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Are Static Foot Posture Measures Related to Static and Dynamic Plantar Pressure Parameters?

Muge KirmiziIzmir Katip Celebi University, Faculty of Health Sciences, İzmir, Turkey.

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Yesim Salik Sengul
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Gamze Yalcinkaya
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Salih Angin
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Background: A few studies have investigated the relationship between foot posture measures and plantar pressure parameters, but no study has investigated the correlation of foot posture measures with all primary parameters consisting of contact area (CA), maximum force (MF), and peak pressure (PP). We aimed to determine the relationship of the Foot Posture Index-6 (FPI-6) and navicular drop (ND) with plantar pressure parameters during static standing and preferred walking.

Methods: Seventy people were included. Navicular drop and the FPI-6 were used to assess foot posture. Plantar pressure parameters including CA, MF, and PP were recorded by a pressure-sensitive mat during barefoot standing and barefoot walking at preferred speed. All assessments were repeated three times and averaged. Pearson correlation coefficients below 0.300 were accepted as negligible and higher ones were interpreted.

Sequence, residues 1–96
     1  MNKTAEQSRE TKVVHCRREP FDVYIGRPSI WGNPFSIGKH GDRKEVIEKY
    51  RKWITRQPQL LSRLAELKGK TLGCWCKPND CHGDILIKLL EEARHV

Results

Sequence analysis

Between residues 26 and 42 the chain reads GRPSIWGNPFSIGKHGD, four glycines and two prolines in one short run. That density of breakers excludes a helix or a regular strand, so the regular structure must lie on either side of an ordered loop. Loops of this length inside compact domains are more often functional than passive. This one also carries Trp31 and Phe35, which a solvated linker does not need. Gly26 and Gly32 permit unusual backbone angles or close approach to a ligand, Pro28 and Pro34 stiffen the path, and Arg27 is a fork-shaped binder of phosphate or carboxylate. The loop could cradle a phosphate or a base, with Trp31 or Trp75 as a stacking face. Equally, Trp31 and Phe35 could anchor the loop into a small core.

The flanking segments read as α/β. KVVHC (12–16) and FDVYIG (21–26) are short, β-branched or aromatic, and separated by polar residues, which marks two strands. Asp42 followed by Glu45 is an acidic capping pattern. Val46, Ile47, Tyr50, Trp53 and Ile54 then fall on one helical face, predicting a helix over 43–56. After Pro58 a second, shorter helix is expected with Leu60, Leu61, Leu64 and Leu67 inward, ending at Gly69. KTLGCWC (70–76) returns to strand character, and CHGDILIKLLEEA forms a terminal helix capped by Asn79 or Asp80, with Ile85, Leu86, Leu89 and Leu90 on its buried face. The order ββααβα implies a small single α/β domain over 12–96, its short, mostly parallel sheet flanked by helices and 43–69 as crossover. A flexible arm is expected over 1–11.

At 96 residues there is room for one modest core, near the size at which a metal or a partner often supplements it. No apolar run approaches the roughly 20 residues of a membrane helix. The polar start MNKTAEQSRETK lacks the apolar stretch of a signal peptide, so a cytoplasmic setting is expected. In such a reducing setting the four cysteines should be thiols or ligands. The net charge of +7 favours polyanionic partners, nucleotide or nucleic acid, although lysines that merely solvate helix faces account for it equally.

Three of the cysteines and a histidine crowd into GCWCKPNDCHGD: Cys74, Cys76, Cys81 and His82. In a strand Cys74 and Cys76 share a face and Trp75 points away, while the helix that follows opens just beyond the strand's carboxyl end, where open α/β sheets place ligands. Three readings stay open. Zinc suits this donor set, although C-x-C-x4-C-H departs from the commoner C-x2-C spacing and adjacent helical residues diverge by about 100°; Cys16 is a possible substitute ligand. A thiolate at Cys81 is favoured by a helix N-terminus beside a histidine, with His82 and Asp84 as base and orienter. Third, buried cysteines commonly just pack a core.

Results: Navicular drop was moderately correlated with dynamic CA under the midfoot and second metatarsal; also, the FPI-6 was moderately correlated with dynamic CA under the midfoot (0.500 < r < 0.700). The other interpreted correlations were poor (0.300 < r < 0.500). Both measures were correlated with dynamic CA under the second and third metatarsals; dynamic CA and MF under the midfoot; and static CA, MF, and PP under the first metatarsal and hallux (P < .01). Navicular drop was also correlated with dynamic MF under the first metatarsal and dynamic CA under the fourth metatarsal (P < .01). Furthermore, ND was correlated with static CA and PP under the second metatarsal and static PP under the fifth metatarsal (P < .01). The FPI-6 was also correlated with dynamic MF and PP under the hallux (P < .01).

Conclusions: The correlations between foot posture measures and plantar pressure variables are poor to moderate. The measures may be useful in the clinical assessment of medial forefoot problems related to prolonged standing and midfoot complaints related to high force during walking. Furthermore, the FPI-6 may provide valuable data regarding hallux complaints related to the high loads during walking.

Corresponding author: Muge Ki̇rmi̇zi̇, MSc, Izmir Katip Celebi University, Faculty of Health Sciences, Havaalanı Sosesi St, No:33, Çiğli, İzmir TR-35620, Turkey. (E-mail: mugekirmizi@hotmail.com)